Background Previous work showed that pericalcarine cortical volume loss is evident early after presentation with acute clinically isolated optic neuritis (ON). The aims of this study were: (1) to determine whether pericalcarine atrophy in patients with ON is associated with conversion to multiple sclerosis (MS); (2) to investigate whether regional atrophy preferentially affects pericalcarine cortex; and (3) to investigate potential causes of early pericalcarine atrophy using MRI.
Methods 28 patients with acute ON and 10 controls underwent structural MRI (brain and optic nerves) and were followed-up over 12 months. Associations between the development of MS, optic nerve, optic radiation and pericalcarine cortical damage measures were investigated using multiple linear regression models. Regional cortical volumetric differences between patients and controls were calculated using t tests.
Results The development of MS at 12 months was associated with greater whole brain and optic radiation lesion loads, shorter acute optic nerve lesions and smaller pericalcarine cortical volume at baseline. Regional atrophy was not evident in other sampled cortical regions. Pericalcarine atrophy was not directly associated with whole brain lesion load, optic radiation measures or optic nerve lesion length. However, the association between pericalcarine atrophy and MS was not independent of these parameters.
Conclusions Reduced pericalcarine cortical volumes in patients with early clinically isolated ON were associated with the development of MS but volumes of other cortical regions were not. Hence pericalcarine cortical regions appear particularly susceptible to early damage. These findings could be explained by a combination of pathological effects to visual grey and white matter in patients with ON.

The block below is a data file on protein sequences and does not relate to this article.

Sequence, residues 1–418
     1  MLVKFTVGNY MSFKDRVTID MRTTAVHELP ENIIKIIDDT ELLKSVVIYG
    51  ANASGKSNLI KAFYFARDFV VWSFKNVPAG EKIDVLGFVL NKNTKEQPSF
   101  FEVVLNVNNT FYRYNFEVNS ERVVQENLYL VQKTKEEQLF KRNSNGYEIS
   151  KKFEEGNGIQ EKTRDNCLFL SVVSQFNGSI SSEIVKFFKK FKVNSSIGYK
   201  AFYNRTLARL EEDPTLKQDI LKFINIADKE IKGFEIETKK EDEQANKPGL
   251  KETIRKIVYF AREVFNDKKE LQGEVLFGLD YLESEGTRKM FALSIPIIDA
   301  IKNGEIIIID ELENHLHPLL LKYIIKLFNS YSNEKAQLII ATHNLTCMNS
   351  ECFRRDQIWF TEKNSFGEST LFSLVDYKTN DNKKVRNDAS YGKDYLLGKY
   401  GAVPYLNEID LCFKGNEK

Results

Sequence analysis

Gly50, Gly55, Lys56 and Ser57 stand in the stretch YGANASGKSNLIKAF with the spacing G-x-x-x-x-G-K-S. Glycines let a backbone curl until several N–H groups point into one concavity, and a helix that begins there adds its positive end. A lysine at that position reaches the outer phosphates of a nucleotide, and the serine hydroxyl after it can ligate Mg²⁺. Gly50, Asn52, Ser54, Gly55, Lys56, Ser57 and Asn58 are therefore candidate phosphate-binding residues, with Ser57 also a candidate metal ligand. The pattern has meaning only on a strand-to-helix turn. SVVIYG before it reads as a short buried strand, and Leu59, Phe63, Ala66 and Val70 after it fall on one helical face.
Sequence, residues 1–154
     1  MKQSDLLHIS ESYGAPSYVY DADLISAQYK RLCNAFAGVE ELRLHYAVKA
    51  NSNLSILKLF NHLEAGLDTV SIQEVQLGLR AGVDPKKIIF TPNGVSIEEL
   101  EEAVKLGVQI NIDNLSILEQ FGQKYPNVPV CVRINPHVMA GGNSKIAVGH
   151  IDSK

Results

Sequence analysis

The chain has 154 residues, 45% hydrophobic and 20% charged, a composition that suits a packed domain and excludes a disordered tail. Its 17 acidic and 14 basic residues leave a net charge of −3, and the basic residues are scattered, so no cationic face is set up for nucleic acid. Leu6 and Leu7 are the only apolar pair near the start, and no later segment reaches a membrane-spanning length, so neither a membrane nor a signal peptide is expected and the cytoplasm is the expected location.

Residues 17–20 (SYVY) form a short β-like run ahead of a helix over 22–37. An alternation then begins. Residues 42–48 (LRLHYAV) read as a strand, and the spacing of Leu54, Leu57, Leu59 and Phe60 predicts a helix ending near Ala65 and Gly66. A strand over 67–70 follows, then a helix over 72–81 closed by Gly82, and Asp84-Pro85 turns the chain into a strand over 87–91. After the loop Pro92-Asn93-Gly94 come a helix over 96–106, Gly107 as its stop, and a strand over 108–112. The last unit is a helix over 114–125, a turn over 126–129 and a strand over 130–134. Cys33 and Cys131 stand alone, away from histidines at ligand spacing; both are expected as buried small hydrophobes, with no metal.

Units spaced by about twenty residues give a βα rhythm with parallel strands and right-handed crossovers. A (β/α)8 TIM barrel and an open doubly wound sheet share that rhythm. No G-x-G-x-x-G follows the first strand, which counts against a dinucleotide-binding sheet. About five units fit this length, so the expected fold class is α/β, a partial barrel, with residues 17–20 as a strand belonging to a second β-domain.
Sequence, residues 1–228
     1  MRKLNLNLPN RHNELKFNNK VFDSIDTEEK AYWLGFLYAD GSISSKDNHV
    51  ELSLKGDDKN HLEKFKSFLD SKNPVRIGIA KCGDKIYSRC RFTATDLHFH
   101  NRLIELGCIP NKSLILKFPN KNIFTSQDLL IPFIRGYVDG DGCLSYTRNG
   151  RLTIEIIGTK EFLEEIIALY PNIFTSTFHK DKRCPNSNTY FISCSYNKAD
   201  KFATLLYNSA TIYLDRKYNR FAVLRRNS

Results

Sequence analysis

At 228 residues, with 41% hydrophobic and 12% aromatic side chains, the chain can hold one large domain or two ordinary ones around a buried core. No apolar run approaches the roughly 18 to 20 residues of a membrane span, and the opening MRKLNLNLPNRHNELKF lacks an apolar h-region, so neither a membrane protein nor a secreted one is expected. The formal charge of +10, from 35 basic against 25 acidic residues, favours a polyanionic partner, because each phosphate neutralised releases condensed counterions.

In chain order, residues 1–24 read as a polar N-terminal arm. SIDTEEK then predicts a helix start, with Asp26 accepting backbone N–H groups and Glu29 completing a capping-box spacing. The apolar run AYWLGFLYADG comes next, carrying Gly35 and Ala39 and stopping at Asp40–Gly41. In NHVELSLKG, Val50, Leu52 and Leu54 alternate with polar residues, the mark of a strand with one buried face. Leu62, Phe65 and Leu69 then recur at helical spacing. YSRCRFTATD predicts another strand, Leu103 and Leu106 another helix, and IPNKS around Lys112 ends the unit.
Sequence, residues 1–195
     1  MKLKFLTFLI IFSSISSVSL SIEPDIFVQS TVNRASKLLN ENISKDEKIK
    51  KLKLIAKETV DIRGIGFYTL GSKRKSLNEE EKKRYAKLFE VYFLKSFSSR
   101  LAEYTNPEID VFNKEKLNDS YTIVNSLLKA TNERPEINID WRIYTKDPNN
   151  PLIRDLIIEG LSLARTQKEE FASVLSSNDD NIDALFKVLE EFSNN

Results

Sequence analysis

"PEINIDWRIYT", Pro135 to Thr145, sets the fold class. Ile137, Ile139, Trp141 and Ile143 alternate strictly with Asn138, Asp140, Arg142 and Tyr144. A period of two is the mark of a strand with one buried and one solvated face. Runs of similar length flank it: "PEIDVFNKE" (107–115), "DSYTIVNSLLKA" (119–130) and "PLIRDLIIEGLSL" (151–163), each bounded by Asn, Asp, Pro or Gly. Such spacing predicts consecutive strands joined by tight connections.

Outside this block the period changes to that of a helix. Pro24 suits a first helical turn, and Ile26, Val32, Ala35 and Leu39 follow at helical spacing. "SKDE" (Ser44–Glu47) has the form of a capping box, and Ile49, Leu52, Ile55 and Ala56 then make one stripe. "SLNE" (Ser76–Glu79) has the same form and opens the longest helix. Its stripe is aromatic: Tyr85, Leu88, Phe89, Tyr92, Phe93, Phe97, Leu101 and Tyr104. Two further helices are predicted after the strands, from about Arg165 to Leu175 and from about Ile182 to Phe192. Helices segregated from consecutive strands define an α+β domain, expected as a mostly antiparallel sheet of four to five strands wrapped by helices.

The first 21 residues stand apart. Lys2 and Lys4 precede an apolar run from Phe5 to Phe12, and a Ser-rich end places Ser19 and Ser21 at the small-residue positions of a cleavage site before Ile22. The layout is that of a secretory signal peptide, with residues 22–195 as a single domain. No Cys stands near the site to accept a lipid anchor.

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Funding Part of this work was undertaken at UCLH/UCL which received a proportion of funding from the Department of Health's NIHR Biomedical Research Centres Funding Scheme. ATT is supported by the Higher Education Funding Council for England. OC is a Wellcome Trust Advanced Clinical Research Fellow. The MS Society of Great Britain and Northern Ireland provided a charity research grant which was used to fund this study (TMJ, grant 815/04). NMR Unit also supported the study, including a recent programme grant which funded a new scanner.
Competing interests None.
Ethics approval This study was conducted with the approval of the ethics committee of the Institute of Neurology and National Hospital for Neurology and Neurosurgery.
Provenance and peer review Not commissioned; not externally peer reviewed.